Looking at some upright bunches of flowers recently in cylindrical vases, it occurred to me that the bunch itself made an interesting structure for a light box composition.
One of the key compositional conundrums in light box photography is presenting an underlying structure of the image. Generally, for these kinds of images to be successful, there must be structure. For example—some of the simplest cases—the arrangement may be grounded by a central stalk or stem, or composed as a bouquet.
A related problem is how you handle the boundary problems of the image; in other words, creating a successful treatment of the meeting of the botanical subject and the image frame. Generally, floating the subject in the middle with no connection to the boundaries does not work well. It occurred to me that photographing bunches of flowers might be an exception.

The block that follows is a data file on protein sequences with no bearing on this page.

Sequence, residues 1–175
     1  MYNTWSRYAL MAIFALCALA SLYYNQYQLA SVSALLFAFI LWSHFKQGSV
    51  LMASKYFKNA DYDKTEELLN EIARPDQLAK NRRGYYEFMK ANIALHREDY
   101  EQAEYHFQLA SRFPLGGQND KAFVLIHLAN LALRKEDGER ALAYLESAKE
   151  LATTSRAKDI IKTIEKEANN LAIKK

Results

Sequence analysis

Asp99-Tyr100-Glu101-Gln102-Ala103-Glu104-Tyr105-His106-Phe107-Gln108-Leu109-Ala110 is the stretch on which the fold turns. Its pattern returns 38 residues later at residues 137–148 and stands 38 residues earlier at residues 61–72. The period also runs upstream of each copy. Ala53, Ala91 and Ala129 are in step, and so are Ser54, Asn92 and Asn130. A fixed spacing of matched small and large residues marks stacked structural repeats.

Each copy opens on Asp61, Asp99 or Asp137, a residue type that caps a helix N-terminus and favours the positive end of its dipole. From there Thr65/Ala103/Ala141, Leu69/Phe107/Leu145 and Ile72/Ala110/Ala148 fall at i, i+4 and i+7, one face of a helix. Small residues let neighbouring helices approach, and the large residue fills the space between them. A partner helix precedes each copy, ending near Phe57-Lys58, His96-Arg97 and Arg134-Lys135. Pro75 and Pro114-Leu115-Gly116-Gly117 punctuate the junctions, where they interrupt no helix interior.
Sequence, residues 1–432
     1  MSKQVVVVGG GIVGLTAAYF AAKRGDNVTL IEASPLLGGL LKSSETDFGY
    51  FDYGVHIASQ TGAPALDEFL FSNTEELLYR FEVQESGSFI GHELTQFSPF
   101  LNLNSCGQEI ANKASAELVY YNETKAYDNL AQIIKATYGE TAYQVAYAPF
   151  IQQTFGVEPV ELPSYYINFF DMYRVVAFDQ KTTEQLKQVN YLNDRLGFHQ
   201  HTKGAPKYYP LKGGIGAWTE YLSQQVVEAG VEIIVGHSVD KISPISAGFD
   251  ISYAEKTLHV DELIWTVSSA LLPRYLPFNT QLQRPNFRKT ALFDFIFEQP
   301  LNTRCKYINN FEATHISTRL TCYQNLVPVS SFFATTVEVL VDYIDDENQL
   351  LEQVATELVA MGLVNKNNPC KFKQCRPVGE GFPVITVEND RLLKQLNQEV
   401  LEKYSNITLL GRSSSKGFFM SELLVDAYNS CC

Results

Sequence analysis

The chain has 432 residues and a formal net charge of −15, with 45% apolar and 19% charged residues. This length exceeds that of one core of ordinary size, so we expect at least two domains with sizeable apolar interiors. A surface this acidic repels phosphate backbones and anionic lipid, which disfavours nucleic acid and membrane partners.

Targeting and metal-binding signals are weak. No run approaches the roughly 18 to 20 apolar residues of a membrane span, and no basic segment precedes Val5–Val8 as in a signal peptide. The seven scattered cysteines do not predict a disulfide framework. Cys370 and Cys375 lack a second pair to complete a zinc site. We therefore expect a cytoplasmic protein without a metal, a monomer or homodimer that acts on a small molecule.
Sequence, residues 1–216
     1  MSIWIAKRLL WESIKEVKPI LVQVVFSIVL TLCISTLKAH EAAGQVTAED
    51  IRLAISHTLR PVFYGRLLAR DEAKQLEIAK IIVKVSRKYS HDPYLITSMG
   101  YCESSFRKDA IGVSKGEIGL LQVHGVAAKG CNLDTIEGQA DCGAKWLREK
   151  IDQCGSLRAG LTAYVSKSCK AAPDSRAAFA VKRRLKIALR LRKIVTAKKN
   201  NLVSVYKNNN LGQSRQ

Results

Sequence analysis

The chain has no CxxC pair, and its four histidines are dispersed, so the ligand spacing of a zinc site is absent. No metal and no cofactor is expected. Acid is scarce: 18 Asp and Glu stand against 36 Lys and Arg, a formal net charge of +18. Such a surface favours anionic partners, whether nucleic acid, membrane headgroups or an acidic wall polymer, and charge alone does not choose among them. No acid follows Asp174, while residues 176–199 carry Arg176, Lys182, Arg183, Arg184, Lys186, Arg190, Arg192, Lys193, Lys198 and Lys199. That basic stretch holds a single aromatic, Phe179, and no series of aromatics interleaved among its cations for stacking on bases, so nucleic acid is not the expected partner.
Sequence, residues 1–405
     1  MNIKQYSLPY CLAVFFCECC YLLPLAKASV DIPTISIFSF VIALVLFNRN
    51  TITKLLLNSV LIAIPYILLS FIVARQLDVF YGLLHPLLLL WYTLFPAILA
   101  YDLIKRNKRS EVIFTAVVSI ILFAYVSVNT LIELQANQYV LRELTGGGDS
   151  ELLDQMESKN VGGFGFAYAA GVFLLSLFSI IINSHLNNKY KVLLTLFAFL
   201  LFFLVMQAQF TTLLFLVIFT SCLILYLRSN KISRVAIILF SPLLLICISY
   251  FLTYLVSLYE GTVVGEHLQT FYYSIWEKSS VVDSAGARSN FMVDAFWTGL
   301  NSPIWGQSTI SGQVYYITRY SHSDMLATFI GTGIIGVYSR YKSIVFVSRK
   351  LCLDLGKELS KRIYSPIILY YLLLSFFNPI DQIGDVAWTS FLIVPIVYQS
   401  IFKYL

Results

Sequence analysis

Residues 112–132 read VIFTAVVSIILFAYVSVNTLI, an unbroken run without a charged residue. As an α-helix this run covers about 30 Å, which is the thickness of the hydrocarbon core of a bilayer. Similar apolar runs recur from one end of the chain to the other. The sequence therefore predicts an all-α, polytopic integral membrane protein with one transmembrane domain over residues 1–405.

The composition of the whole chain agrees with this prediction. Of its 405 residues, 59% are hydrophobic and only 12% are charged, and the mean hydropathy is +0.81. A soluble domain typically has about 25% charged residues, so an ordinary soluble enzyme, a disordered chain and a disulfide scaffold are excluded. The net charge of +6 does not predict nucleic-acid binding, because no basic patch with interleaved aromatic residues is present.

It was important in making these images to first place the images in the cylinder, so that the mass of the flowers assumed the bunched shape I was looking for.
Tulip Bunch at the beginning of this story was made from nine captures my with my Nikon D850 and Zeiss Otus 55mm on tripod. Each exposure as at f/16 and ISO 64, with exposure times ranging from 1/30 of a second to 4 seconds.
Daffodils and Irises used the same gear and basic exposure concept, with eight exposures ranging from 1/15 of a second to 4 seconds.